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CRITICAL HABITAT REVISION WARRANTED FOR ENDANGERED BEACH MOUSE SUBSPECIES

FOR IMMEDIATE RELEASE

September 26, 2000

Contact:

Tom MacKenzie, Deputy, External Affairs (404) 679-7291

Connie Light Dickard, (334) 441-5181

After a year-long review, the U.S. Fish and Wildlife Service has
determined that revision of critical habitat for three endangered beach
mouse subspecies in Alabama and Florida is warranted.

The Service will reassess habitat for the Alabama, Perdido Key and
Choctawhatchee beach mice, prepare a proposed rule to designate new critical habitat and draft an economic analysis of the proposal at some point in the future.

"Once we determine what critical habitat changes are needed, we will
invite the public to comment on them before we reach a final decision." said Sam D. Hamilton, the Service's regional director for the Southeast Region.

The Service's action came in response to a petition filed last year by
the Earthjustice Legal Defense Fund, the Sierra Club and the Biodiversity Legal Foundation. The petitioners stated that the area now designated as critical habitat is inadequate and part of it is being destroyed by coastal development. The three beach mice subspecies were listed as endangered in 1985.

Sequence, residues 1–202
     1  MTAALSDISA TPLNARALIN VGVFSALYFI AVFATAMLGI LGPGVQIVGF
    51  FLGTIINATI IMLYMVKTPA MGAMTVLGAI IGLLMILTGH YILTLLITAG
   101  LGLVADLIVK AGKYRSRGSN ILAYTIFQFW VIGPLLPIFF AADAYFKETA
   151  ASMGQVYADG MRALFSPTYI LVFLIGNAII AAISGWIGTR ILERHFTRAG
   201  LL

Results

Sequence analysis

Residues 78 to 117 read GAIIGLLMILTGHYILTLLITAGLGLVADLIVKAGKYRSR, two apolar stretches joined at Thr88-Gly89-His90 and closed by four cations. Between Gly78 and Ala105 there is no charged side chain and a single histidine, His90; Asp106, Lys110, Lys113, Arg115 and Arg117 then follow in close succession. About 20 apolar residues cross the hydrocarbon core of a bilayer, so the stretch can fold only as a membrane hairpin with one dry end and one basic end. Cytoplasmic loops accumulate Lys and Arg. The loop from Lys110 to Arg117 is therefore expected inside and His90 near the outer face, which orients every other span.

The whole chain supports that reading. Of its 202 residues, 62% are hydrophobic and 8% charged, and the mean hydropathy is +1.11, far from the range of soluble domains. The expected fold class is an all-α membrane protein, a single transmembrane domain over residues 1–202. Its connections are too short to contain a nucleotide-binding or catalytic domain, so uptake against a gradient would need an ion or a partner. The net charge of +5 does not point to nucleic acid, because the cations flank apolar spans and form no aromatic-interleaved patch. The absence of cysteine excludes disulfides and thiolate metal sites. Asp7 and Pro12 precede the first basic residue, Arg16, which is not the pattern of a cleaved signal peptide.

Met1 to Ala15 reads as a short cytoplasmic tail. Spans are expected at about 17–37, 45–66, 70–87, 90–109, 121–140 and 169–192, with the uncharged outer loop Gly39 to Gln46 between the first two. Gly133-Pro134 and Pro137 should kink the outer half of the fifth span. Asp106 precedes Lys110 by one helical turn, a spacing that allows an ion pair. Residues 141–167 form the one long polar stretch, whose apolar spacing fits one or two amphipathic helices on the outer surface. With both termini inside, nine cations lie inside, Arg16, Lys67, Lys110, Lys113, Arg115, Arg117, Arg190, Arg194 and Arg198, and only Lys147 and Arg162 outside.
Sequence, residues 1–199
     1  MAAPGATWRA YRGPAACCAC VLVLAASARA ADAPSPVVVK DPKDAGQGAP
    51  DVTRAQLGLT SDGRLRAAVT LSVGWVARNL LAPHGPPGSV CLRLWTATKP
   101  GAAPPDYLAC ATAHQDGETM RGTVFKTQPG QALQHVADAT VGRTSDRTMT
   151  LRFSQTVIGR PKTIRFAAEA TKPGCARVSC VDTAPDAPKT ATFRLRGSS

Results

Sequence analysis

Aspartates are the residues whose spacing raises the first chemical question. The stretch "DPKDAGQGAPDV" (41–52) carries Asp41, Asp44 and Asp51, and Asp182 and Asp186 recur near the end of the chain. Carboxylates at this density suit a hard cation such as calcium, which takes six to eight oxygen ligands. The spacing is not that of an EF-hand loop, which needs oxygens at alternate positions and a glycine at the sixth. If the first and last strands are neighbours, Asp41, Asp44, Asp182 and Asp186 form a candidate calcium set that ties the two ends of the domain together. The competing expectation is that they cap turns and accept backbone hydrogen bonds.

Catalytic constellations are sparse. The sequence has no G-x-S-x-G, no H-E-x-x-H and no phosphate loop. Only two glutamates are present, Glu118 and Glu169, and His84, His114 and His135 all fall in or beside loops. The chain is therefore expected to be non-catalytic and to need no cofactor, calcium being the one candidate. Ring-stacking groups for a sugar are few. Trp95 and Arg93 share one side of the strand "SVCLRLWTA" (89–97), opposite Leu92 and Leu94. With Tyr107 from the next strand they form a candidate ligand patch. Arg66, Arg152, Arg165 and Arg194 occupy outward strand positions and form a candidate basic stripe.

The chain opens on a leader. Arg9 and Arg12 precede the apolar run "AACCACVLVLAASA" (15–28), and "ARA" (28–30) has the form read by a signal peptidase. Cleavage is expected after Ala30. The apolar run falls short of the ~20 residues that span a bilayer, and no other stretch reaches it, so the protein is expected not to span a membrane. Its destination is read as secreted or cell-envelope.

Critical habitat refers to specific geographic areas that are essential
for the conservation of a threatened or endangered species and that may require special management considerations. These areas do not necessarily have to be occupied by the species at the time of designation. A critical habitat designation does not set up a preserve or refuge and only applies to situations where Federal funding, Federal authorization or a Federal permit is involved. Even in cases where private lands are designated, it has no impact on private landowners taking actions on their land that do not involve Federal funding, authorization or permits.

The existing critical habitat for the three beach mouse subspecies
presently covers 2,890 acres, dispersed along 34 miles of Gulf of Mexico shoreline in Alabama and Florida. Most of this critical habitat is on Federal or state-managed lands.

The Service published its finding in today's Federal Register on the
Internet at: http://www.nara.gov/fedreg/. For additional information,
contact Celeste South or Connie Light Dickard at: U.S. Fish and Wildlife Service, P.O. Drawer 1190, Daphne, AL 36526, or call 334/441-5181.

The U.S. Fish and Wildlife Service is the principal Federal agency
responsible for conserving, protecting and enhancing fish, wildlife and
plants and their habitats for the continuing benefit of the American
people. The Service manages the 93-million-acre National Wildlife Refuge System which encompasses 525 national wildlife refuges, thousands of small wetlands and other special management areas. It also operates 66 national fish hatcheries, 64 fishery resource offices and 78 ecological services field stations. The agency enforces Federal wildlife laws, administers the Endangered Species Act, manages migratory bird populations, restores nationally significant fisheries, conserves and restores wildlife habitat such as wetlands, and helps foreign governments with their conservation efforts. It also oversees the Federal Aid program that distributes hundreds of millions of dollars in excise taxes on fishing and hunting equipment to state fish and wildlife agencies.

1875 Century Blvd.,

Atlanta, GA 30345

Phone: 404/679-7289 Fax: 404/679-7286

2000 News Releases

   
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